In a decision which will be welcomed by many employers, the Fair Work Commission has found that an employer may be able to direct an employee on extended sick leave to attend an appointment with a company nominated doctor to determine the employee’s fitness for duty. The failure by an employee to comply with such a direction may lead to disciplinary action including dismissal. It was also found that there may be an implied right for an employer to request more detailed medical evidence from a long-term sick employee than that contained in a basic medical certificate. Another recent case has confirmed an employer’s right to request a written report from a sick employee’s doctor indicating the diagnosis, prognosis, capacity to return to pre-injury duties and the anticipated timeframe.
Employer’s right to direct employee to attend nominated doctor
The Full Bench of the Fair Work Commission (FWC) confirmed that it was lawful and reasonable for BHP Coal Pty Ltd, to direct a boilermaker to attend its nominated medical specialist for an assessment before being assigned duties on his return to work. The employee refused to attend the appointment. He then failed to participate in a disciplinary interview and had his employment terminated.
It was found that the employer’s direction to attend the company’s doctor was reasonable in the circumstance given:
- The employee’s lengthy absence from the workplace;
- His shoulder surgery;
- The generalised nature of his medical certificates (which did not refer to surgery or any rehabilitation); and
- The heavy manual tasks involved in his role
The Full Bench also found that the employer had a valid reason to terminate the employee, namely:
- His unwillingness to attend an initial and then a rescheduled medical appointment with the employer’s nominated doctor, despite being warned about the prospect of disciplinary action; and
- The employee disrupting and delaying the disciplinary interview by refusing to answer questions and requiring written questions rather than participating in an interview
Employer’s right to request medical evidence beyond basic medical certificate
In another recent case, the Federal Court rejected the Australian and International Pilots Association’s claim that Qantas had taken adverse action against a pilot who had been on extended sick leave. The pilot had provided basic medical certificates setting out that he was suffering clinical depression and was unfit for work.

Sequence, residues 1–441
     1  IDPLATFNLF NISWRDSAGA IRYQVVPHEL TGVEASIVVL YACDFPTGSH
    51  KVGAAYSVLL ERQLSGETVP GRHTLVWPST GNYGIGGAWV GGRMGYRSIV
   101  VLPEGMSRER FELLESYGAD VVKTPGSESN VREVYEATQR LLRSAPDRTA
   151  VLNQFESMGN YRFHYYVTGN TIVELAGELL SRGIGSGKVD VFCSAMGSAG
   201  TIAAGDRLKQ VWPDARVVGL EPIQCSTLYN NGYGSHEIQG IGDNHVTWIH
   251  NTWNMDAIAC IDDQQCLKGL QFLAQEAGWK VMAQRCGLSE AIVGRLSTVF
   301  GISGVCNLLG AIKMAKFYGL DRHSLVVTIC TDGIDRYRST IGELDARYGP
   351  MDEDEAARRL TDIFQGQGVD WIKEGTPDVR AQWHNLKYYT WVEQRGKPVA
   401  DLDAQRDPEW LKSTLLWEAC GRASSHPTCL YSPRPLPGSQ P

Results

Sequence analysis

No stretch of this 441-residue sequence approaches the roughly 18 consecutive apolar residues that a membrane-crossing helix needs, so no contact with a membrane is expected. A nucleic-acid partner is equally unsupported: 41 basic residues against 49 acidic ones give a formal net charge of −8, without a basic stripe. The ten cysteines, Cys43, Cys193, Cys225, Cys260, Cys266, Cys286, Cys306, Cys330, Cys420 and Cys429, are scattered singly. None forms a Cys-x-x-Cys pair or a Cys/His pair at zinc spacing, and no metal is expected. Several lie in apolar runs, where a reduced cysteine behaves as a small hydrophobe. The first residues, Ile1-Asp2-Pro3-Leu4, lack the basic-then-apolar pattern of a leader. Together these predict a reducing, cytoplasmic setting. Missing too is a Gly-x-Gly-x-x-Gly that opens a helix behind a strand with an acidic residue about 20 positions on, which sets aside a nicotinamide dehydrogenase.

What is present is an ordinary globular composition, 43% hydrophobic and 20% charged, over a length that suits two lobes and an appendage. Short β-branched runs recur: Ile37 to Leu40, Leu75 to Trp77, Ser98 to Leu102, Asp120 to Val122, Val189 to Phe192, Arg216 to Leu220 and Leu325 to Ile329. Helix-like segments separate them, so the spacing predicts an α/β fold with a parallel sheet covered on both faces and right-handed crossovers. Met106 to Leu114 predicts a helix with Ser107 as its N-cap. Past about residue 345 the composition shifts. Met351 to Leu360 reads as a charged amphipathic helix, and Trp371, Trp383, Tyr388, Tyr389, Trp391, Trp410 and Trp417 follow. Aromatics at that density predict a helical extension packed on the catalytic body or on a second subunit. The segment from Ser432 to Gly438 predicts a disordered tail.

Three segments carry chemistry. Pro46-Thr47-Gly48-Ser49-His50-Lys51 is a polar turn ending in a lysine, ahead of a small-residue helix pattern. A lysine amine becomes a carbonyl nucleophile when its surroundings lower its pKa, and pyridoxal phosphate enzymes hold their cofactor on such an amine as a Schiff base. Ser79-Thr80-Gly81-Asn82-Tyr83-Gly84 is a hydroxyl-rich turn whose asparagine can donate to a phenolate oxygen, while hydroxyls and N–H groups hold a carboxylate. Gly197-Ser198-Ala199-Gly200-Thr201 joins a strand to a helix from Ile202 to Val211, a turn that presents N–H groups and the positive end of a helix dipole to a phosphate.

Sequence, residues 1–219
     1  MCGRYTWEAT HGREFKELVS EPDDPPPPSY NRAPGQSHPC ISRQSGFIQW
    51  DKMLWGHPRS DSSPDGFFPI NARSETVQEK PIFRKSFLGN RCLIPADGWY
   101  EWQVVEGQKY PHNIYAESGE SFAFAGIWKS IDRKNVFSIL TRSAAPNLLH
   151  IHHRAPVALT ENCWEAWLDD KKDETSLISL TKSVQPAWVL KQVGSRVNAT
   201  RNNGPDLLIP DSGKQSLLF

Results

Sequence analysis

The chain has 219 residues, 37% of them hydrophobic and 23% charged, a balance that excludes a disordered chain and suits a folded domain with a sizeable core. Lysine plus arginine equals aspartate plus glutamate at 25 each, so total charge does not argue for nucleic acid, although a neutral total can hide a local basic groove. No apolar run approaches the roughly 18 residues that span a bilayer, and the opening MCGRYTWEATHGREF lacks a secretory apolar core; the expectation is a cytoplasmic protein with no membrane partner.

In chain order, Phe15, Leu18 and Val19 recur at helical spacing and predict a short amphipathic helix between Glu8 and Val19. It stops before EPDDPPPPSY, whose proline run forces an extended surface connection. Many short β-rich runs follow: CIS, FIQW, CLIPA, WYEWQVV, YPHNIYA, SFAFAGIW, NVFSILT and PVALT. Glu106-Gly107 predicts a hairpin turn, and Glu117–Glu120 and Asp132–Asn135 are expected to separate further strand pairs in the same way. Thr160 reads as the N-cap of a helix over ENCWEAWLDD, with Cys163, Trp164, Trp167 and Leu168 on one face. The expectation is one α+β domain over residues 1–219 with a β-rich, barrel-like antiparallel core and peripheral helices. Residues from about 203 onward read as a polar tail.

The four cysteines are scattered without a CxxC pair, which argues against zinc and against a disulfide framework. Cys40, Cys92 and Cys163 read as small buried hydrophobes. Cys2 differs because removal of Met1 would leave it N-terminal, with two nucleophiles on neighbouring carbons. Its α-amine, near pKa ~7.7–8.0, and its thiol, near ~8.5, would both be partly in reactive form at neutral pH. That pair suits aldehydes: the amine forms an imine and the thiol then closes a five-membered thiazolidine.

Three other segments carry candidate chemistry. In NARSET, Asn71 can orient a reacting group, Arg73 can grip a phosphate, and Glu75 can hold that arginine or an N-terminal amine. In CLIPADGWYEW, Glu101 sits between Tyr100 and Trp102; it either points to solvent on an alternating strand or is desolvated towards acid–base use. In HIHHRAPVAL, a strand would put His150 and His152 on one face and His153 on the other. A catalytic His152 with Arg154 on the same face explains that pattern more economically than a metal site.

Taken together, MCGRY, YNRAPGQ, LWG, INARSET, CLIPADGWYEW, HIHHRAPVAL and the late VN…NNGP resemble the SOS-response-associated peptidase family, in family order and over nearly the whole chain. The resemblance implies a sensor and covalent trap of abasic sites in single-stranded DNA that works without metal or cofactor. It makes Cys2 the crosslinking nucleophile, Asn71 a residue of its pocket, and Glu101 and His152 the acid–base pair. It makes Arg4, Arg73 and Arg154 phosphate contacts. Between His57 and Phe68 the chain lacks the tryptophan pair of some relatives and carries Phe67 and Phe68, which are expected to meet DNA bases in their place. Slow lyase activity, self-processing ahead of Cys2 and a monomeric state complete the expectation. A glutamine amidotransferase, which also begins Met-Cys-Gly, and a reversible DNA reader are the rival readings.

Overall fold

Qantas wrote to the pilot requiring him to provide a written report from his doctor indicating his diagnosis, prognosis, capacity to return to his pre-injury duties and the anticipated timeframe. Qantas also required the pilot to attend a meeting to discuss the report. Following the pilot’s failure to comply, Qantas wrote to the pilot and made it clear that it was considering disciplinary action including termination of his employment.
The Federal Court held that:
- Qantas did not take adverse action by threatening to discipline the pilot for failing to provide further medical evidence; and
- The employer must be able to obtain appropriate medical information to determine whether its workplace has been the cause of the employee’s condition and to remedy it
What this means for you
These cases highlight the following:
- Where you have an employee on extended sick leave you are able to direct the employee to attend an appointment with a company nominated doctor (provided the request is reasonable in the circumstances)
- You are also able to request more detailed medical evidence from an employee on extended sick leave then that contained in a basic medical certificate in order to comply with your health and safety obligations and to manage the impact on your business
- To avoid doubt, we recommend inserting the rights of the employer as set out above into the employment contract.
Employers in similar situations are encouraged to contact HR Legal for assistance
This article was produced by HR Legal. It is intended to provide general information only in summary format on legal issues. It does not constitute legal advice, and should not be relied on as such.